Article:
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First Degree Atrioventricular Block


Related Article: AV Blocks, Second Degree AV Block, Complete AV Block.

First Degree Atrioventricular Block

Electrocardiogram findings of First Degree AV Block

Electrocardiogram of First Degree Atrioventricular Block

First degree AV Block with prolonged PR interval (0.52 sec).

The electrocardiogram is characterized by P waves followed by normal QRS complexes, but with prolonged PR interval of 0.20 sec or higher (1 large square).

In First degree AV Block the stimulus is always conducted to the ventricles, so, all P waves are followed by a QRS (unlike other AV blocks).

In some patients, the PR interval is so prolonged, that the P wave appears included in the previous QRS or even before it.

Electrocardiogram of First Degree AV Block

  • Prolonged PR interval, > 0.20 seconds (1 large square).
  • All P waves are followed by a QRS complex.
  • Normal QRS morphology, if no other alteration is present.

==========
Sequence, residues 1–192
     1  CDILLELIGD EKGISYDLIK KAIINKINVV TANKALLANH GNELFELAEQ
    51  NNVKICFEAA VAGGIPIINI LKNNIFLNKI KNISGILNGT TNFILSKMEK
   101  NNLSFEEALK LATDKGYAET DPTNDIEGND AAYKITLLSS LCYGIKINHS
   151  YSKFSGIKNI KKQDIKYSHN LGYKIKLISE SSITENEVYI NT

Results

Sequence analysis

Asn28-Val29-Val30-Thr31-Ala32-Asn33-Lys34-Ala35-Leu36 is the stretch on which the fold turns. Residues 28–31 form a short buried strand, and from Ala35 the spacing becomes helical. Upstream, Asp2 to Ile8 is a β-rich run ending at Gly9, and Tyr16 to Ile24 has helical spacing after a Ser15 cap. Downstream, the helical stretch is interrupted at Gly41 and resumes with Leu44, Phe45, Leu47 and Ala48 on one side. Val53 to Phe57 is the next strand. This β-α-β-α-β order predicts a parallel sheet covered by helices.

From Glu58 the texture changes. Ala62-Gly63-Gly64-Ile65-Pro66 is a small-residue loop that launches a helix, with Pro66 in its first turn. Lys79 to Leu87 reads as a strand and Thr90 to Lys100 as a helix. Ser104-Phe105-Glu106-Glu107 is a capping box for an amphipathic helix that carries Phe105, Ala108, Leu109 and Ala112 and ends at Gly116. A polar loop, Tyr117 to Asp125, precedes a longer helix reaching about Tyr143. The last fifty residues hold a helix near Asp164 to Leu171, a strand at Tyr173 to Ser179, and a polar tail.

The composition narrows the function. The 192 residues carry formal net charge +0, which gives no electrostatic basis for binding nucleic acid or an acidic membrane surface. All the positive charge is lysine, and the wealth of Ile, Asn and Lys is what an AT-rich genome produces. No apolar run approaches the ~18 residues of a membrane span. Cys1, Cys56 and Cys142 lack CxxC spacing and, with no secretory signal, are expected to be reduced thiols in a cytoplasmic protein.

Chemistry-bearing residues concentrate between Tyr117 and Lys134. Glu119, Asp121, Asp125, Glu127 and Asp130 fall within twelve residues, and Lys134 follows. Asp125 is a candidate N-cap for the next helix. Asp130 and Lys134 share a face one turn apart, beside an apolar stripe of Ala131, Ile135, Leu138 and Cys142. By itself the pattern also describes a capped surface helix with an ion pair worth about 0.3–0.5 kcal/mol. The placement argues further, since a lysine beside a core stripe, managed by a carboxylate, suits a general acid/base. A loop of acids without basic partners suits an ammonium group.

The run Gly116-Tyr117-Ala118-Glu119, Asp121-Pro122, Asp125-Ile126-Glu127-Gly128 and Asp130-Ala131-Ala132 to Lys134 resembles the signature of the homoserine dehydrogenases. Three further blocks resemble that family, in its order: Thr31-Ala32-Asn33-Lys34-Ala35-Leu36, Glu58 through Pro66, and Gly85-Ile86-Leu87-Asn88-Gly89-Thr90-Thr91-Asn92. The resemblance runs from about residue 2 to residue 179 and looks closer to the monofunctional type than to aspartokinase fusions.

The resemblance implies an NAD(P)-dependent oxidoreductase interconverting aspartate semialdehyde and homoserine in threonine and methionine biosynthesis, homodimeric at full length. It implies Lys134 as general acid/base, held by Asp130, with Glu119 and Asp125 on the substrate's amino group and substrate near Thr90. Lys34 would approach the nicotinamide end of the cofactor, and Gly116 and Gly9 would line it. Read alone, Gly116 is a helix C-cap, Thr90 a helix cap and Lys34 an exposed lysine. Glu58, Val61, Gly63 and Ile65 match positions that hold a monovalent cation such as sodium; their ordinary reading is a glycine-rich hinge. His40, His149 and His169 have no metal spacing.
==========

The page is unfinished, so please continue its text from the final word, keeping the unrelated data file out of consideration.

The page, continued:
Presentation and Treatment of First degree AV Block

The first degree Atrioventricular Block is usually asymptomatic and do not produce changes in heart function 2.

Antiarrhythmic drugs can cause first degree AV block, if so, should assess the risk/benefit of continuing treatment. It also appears in hyperkalemia.

When there is a markedly prolonged (> 0.3 sec) PR interval, atrioventricular dyssynchrony may occur and may appear symptoms, especially during exercise.

The first degree Atrioventricular Block does not require pacemaker implantation.

Although patients with very prolonged PR interval with symptoms during exercise could need the implantation of a DDD pacemaker to ensure atrioventricular synchrony.

The finding of a First degree AV Block with a Bifascicular Block can mean important Conduction System disease and, if it is accompanied by symptoms, is usually an indication of permanent pacemaker implantation.


Related Article: AV Blocks, Second Degree AV Block, Complete AV Block.

References

  • 1. Castellano C, Pérez de Juan MA, Attie F. Electrocardiografía Clínica, 2ª Ed. Madrid: Elservier España S. A. ; 2004.
  • 2. Goldberger A, Goldberger Z, Schvilkin A. Clinical Electrocardiography: A Simplified Approach, 7th ed. Philadelphia: Mosby Elservier; 2006.
  • 3. Vogler J, Breithardt G, Eckardt L. Bradyarrhythmias and Conduction Blocks. Rev Esp Cardiol. 2012;65(7):656–667.

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